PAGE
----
When Umar Farouk Abdulmutallab allegedly tried to blow up a Detroit-bound jet on Christmas Day, he put U.S. Muslims in a familiar and uncomfortable place: having to defend themselves and their faith against the actions of what they call a radical minority.
Most in Detroit's more than 200,000-strong Muslim community have taken a stand against the kind of Islamist extremism that apparently turned Abdulmutallab from a pious young man into someone charged with a terrorist act. But there's also a keen awareness that as a Nigerian, Abdulmutallab doesn't fit the stereotypical image of a terrorist. That's a huge concern for Michigan's 10,000-member Nigerian community, particularly the 20 percent of whom are Muslims. Many are anxious not to be perceived as the "new face" of terrorism.
Egerton Abulu, secretary of the Nigerian Foundation of Michigan, says religious extremism is anathema to Nigerian society.
"What that guy did was just an isolated case, very isolated," Abulu says. "Why he did it we don't know. But it is not our nature."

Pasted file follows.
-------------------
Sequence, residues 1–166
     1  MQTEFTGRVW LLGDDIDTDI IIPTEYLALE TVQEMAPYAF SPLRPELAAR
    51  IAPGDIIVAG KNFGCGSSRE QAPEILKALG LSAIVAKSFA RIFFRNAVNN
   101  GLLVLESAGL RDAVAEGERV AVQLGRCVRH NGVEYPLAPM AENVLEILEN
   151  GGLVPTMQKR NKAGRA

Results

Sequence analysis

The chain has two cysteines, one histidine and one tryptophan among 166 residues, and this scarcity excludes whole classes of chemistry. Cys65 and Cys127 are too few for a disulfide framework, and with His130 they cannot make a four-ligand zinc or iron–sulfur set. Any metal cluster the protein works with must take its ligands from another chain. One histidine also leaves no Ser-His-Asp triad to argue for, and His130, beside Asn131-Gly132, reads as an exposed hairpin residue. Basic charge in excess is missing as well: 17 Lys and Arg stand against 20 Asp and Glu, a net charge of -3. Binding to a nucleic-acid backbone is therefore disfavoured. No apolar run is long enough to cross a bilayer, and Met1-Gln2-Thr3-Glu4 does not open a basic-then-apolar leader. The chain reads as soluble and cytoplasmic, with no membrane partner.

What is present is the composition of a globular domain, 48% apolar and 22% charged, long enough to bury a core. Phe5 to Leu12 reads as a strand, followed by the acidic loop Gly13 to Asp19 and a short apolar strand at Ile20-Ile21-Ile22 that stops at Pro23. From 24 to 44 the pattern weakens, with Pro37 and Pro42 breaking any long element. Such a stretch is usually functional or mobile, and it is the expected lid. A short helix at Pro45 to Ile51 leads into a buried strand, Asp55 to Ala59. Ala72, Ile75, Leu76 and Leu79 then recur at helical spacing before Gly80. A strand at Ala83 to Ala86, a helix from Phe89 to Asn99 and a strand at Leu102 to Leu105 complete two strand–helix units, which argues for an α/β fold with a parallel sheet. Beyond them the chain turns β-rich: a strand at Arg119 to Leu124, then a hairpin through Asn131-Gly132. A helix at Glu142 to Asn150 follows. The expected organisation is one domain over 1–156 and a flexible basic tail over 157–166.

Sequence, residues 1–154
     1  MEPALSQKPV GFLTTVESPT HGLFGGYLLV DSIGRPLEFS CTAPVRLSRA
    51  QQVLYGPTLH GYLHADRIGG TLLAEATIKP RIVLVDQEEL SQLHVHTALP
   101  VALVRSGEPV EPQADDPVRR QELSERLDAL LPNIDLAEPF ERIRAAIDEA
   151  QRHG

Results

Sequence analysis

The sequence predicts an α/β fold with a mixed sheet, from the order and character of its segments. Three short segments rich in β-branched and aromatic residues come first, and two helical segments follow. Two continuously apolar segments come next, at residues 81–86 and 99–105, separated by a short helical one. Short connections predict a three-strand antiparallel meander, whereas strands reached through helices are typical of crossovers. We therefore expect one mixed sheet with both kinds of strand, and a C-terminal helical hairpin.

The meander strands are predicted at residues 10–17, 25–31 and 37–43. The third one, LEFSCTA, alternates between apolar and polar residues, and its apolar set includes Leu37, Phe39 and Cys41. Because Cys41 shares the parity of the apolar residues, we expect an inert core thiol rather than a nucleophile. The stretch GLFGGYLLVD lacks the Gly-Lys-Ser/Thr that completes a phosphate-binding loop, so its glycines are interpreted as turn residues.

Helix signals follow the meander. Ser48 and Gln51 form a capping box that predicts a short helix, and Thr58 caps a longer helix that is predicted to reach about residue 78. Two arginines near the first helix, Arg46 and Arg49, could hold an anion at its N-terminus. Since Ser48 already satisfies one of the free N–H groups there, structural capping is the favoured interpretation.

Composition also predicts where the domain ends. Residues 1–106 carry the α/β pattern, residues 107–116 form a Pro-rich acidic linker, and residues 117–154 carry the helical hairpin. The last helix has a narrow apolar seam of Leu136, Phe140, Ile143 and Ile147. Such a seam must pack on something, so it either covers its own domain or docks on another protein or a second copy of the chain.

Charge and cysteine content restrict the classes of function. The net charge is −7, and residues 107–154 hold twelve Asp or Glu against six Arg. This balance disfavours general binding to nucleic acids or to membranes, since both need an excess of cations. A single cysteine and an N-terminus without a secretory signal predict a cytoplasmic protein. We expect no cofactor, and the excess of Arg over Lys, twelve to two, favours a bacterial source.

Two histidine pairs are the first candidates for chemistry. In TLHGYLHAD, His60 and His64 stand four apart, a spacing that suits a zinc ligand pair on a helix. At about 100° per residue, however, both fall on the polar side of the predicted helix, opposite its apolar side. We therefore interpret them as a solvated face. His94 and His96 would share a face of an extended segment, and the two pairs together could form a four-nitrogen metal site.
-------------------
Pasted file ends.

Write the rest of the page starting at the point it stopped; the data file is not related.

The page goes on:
The All-African market on Detroit's west side is a small store selling West African food staples along with a selection of CDs and DVDs. On a recent evening, Ameeka Sarnati and Ezenua Uwazrike sat behind the counter watching a Nigerian TV show on a laptop computer.
Uwazrike, a teenager who was born and raised in the U.S., says his Nigerian family was horrified when they found out the alleged terrorist was a fellow countryman.
"Everybody just sat down in the living room ... watching the news because nobody would expect a Nigerian person to do that," Uwazrike says.
Sarnati grew up in Nigeria and says he has no sympathy for Abdulmutallab, calling him "a young man of privilege" who was ruining his country's name.
"He was in a better position as a young African man to help out his community," Sarnati says. "All that effort and passion that he had for extremism he could have channeled into other, better things."
It's almost unthinkable, says Sarnati, that a Nigerian could be seduced into religious extremism.
Sarnati's comments reflect sentiments expressed by many in the Nigerian community: that Abdulmutallab, the son of a wealthy and politically connected Nigerian banker, and who was educated abroad, is somehow fundamentally "un-Nigerian."
Many are quick to point to his reported isolation from his family, and they seem to view the Abdulmutallab family with a mixture of disdain and pity: disdain that they could have allowed their son to become an Islamic radical, and pity that the family — and its reputation — may never recover from his actions.